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Interesting Histograms.
romor
post May 31 2011, 17:33
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QUOTE (Woodinville @ May 30 2011, 12:17) *
Oh, and yes, octave is astonishingly slow, even when you only do the histogram stuff. In fact, the SFM stuff adds surprisingly little to the run time, which is bizzare.

Even without bounds checking it's slow, slow, slow. No idea why.

Matlab is quite a bit faster, but I don't have it here.

Seems that array creation is main break here. I tried to speed up histogram and this code:

CODE
def histo(fn):
    import scikits.audiolab as au
    (sp, sf, b) = au.wavread(fn)

    sp = sp.transpose()
    his=zeros((65536,), dtype=numpy.int)

    for i in range(len(sp[0])):
        his[int(sp[0, i] * 32768) + 32768] += 1
        his[int(sp[1, i] * 32768) + 32768] += 1

    his = maximum(his / float(sum(his)), 10e-12)
    x = arange(-32768, 32768)
    semilogy(x, his)


is ~15 times faster then Octave or ~3 times faster then previously posted.

This is bare bone NumPy - simple numpy array processing, so other then Python and NumPy nothing more is required (except SciPy or audiolab for reading WAV data; edit: and matplotlib for graphs).
MKL build isn't noticeable here, as there are no linalg functions. However this can of course further be optimized by various approaches, i.e.: http://www.scipy.org/PerformancePython Example here is totally different, (scheme on grid and testing it convergence) but provides examples how NumPy/SciPy can be dissected further. I just thought to link to that, as I'm not aware how many users here are familiar with this Python approach for numerical problems

I'm wondering also about Matlab performance. My main PC PSU went down and I can't test Matlab 2009b these days. Can someone compare performance between Octave and Matlab, just for histogram code:

CODE
fname='some.wav';
x=wavread(fname);
x=x';
len=length(x)
his(1:65536)=0;
for ii=1:len
for jj=1:2
t=x(jj,ii);
t=round(t*32768+32769);
his(t)=his(t)+1;
end
end


This post has been edited by romor: May 31 2011, 17:35


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xnor
post May 31 2011, 19:30
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QUOTE (Axon @ May 31 2011, 09:26) *
Not quite -- inverting (multiplying by -1) -32768 results in -32768. Invert all the bits, and add 1.

I was just describing that inverting negative full-scale will result in a 16-bit PCM value of 32767.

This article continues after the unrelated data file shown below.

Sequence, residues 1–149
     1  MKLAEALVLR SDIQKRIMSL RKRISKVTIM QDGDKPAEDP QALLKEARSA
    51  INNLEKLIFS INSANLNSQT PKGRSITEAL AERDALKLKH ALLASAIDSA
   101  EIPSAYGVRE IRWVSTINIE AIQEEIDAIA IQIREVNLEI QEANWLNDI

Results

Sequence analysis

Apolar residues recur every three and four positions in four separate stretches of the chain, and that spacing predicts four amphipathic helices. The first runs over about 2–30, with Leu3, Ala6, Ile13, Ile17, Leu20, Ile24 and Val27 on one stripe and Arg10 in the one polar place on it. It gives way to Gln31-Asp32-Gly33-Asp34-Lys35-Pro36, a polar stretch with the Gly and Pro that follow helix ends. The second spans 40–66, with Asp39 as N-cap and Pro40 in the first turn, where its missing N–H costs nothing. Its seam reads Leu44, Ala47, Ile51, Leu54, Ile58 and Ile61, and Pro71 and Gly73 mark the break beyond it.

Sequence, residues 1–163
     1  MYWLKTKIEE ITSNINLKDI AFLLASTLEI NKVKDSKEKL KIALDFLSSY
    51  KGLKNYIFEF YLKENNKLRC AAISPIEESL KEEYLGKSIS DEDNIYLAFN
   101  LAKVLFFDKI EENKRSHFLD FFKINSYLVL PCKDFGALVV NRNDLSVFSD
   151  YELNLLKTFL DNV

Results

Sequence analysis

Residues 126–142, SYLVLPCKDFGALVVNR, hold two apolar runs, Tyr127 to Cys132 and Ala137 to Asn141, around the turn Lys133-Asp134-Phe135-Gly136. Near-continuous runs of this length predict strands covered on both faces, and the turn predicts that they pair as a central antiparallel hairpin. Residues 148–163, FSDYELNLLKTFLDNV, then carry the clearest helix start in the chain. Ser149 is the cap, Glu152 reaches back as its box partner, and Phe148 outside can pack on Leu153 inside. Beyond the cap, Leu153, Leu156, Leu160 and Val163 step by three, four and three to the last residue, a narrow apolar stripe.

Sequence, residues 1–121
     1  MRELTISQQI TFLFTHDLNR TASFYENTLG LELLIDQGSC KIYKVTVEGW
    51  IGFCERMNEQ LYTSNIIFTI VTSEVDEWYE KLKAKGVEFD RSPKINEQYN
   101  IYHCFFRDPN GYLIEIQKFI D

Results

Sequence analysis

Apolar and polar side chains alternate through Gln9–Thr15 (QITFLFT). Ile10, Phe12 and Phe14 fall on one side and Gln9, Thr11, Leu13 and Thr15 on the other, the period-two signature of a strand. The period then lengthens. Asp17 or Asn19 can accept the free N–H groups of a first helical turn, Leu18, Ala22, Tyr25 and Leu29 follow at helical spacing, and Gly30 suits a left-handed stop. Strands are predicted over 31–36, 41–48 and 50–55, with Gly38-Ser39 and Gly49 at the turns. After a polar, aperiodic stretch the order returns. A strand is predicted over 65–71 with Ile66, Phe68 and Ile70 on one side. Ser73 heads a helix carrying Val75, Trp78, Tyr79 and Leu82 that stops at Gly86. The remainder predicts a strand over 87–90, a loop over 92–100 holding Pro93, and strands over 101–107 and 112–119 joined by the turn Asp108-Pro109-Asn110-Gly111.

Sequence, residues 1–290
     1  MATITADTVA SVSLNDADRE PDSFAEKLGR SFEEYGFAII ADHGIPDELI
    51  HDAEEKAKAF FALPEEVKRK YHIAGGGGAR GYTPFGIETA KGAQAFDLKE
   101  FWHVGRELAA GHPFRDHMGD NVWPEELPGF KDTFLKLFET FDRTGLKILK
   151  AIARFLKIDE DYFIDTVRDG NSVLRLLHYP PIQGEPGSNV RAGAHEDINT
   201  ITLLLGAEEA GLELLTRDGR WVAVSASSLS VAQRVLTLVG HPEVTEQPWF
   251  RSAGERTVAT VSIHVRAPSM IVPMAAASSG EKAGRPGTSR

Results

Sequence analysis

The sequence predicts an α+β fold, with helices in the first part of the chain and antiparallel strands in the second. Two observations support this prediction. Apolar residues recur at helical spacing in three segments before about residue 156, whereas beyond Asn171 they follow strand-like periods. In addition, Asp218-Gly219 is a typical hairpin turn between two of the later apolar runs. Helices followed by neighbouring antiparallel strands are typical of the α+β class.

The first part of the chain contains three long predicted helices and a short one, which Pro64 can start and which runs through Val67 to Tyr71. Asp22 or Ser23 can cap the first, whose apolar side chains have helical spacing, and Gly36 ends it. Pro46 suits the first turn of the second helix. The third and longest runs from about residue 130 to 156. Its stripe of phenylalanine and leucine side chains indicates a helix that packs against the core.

You're talking about the implementation. If you blindly add 1 you run into the same overflow problem you just described.
(Nitpicking.. dry.gif )


QUOTE (bandpass @ May 31 2011, 11:13) *
In practice, as has been mentioned, recordings are made with headroom and probably have any DC-offset (w.r.t. digital 0) removed with post-processing; this however has the same result as biasing the ADC, which again means that -32768 should be an unused value.


Well it's not unused in practice, just take a look at some recordings, DAWs etc.

And here's an excerpt from the CS5550 ADC datasheet:

QUOTE
These signed registers contain the last value of the measured results of AIN1 and AIN2. The results will be with-
in the range of -1.0 ≤ AIN1,AIN2 < 1.0. The value is represented in two's complement notation, with the binary
point place to the right of the MSB (MSB has a negative weighting). These values are 22 bits in length. The two
least significant bits, (located at the far right-side) have no meaning, and will always have a value of “0”.


ADS1232:
QUOTE
A positive full-scale input produces
an output code of 7FFFFFh and the negative full-scale
input produces an output code of 800000h.
[...]
Ideal Output Code vs Input Signal: 0 Vin = 000000h out


This post has been edited by xnor: May 31 2011, 19:51
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Woodinville
post Jun 1 2011, 04:23
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QUOTE (bandpass @ May 31 2011, 02:13) *
CODE
float dsp_sample = adc_sample / 32768.0;

doesn't seem to map to any real world ADC scenario.

In practice, as has been mentioned, recordings are made with headroom and probably have any DC-offset (w.r.t. digital 0) removed with post-processing; this however has the same result as biasing the ADC, which again means that -32768 should be an unused value.


I must differ, zero must be zero. Otherwise how do you justify converting coefficents in filters between fix and float, etc? Consider the differences in rounding and how they may work out in terms of zeros when you can NOT represent ZERO in the "fix" case.

It's ugly, ugly, ugly. You must have zero, and don't forget, 2s compliment has a single zero. Ergo, you need to map that zero to zero.

Introducing ADC's is simply a complete distraction here. Zero is zero. Not "almost zero".


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romor
post Jun 1 2011, 05:45
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I hope I'm not bothering you all with my Python snippets, but this morning I tried to replace slow loop with FORTRAN code (it's first time I tried this), and result was that Octave was outperformed by ~3000 times faster code.

Back to back:

Here is Fortran code, which was used as fhist module within Python: http://pastebin.com/suMgN5QB

I guess inline C/C++ with scipy.weave could give similar result


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Woodinville
post Jun 1 2011, 07:53
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QUOTE (romor @ May 31 2011, 21:45) *
I hope I'm not bothering you all with my Python snippets, but this morning I tried to replace slow loop with FORTRAN code (it's first time I tried this), and result was that Octave was outperformed by ~3000 times faster code.